Philip Fine, in Montreal, reports on a common psychiatric diagnosis that could cost governments millions.
An ever-widening group is being diagnosed with post-traumatic stress disorder (PTSD) and their demands for compensation could cause undue economic stress to government and business, says a medical anthropologist who has written extensively on the syndrome.
McGill University professor Allan Young has helped raise questions in the psychiatric community about the possible overdiagnosis of PTSD, a condition originally named for American soldiers, many of whom felt ill effects from the Vietnam war years after their return.
While he has long advocated compensating Vietnam veterans diagnosed with PTSD, the author of The Harmony of Illusions: Inventing Post-Traumatic Stress Disorder (Princeton University Press, 1997) has lately seen a growing number of other people falling under the same diagnosis.
Most recently, British ambulance drivers have been trying to win compensation for the psychological strain they blame on their work environment. With many others scarred by international atrocities, the global number of active cases could run into tens of millions, says Dr Young. PTSD compensation ranks as one of the most costly items in the budget of the United States Veterans Administration Medical System.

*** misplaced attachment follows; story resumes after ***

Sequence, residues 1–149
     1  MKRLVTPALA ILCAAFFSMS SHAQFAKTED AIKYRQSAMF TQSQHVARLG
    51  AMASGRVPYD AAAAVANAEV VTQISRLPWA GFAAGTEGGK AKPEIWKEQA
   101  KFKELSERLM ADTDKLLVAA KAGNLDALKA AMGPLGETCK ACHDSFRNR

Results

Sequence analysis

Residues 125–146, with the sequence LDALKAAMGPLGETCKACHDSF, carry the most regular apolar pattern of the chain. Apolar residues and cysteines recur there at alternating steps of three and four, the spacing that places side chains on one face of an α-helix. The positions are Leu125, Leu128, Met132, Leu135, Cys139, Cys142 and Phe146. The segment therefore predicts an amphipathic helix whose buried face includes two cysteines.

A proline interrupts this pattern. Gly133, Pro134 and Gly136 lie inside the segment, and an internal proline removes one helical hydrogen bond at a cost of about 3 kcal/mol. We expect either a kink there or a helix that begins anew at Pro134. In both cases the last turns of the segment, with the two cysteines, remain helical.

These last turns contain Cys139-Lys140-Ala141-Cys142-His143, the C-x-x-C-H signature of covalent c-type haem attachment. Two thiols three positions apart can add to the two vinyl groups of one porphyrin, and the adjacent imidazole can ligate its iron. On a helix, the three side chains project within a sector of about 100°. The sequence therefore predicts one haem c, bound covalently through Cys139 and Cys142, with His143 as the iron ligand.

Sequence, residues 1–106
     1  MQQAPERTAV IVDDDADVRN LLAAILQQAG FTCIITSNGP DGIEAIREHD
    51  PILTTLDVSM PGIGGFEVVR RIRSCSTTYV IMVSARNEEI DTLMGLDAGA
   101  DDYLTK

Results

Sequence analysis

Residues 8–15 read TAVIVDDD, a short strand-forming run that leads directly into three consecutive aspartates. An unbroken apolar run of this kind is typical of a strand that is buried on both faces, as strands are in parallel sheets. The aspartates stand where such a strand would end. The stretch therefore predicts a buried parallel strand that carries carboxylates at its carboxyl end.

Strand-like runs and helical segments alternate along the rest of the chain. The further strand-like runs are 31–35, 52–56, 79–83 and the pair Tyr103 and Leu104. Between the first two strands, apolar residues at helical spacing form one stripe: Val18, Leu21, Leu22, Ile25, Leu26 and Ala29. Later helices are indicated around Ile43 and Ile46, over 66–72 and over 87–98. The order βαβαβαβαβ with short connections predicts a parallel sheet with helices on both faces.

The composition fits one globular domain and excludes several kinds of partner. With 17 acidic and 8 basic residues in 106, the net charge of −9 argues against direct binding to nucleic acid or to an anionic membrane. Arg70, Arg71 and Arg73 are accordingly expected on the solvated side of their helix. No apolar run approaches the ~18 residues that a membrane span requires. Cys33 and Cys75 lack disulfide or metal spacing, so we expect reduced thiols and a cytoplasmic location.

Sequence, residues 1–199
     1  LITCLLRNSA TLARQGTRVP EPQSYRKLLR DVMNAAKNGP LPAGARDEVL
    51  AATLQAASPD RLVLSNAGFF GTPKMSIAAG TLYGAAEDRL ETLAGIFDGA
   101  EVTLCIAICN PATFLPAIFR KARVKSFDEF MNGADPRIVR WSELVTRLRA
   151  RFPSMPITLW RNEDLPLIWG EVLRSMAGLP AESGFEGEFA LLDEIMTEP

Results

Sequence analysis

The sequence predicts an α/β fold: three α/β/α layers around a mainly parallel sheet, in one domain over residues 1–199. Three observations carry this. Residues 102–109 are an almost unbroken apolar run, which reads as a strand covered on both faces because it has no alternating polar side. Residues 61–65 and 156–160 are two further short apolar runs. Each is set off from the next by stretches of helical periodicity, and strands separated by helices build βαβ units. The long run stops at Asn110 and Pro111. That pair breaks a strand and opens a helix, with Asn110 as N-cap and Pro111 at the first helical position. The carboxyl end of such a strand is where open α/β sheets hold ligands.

Professor Young explains the possible reasons for PTSD's popularity by saying that many doctors prefer to bring biology to the diagnostic table and patients have latched on to a term that does not carry the burden of other psychiatric illnesses.
"It's the only non-stigmatising disorder," says Professor Young of the syndrome that began to gain currency in the 1970s and was listed in the DSM III, the diagnostic bible of the western medical practitioner, by 1980.
In 1994, the DSM IV redefined a traumatic event as an experience that is "subjectively distressful". That move could open the compensation floodgates.
"The new hypothesis challenges a notion taken for granted since 1980: PTSD is a normal response to an abnormal situation. PTSD is (now seen as) an abnormal response to widely occurring situations with which normal people are able to cope," said Professor Young in a paper, The Brain and its Sciences in the 20th Century, he presented at a conference held at Berlin's Max Planck Institute.
He says PTSD is not as new as people would like to believe and would still be called traumatic neurosis if Freud was not such an embarrassment to many in the psychiatric field. When PTSD was written into the DSM III, neurosis, as an illness, was written out.
"It was banished in the front door and returned through the back door," said Dr Young. "One could say the popularity of PTSD is the triumph of the neurosis concept."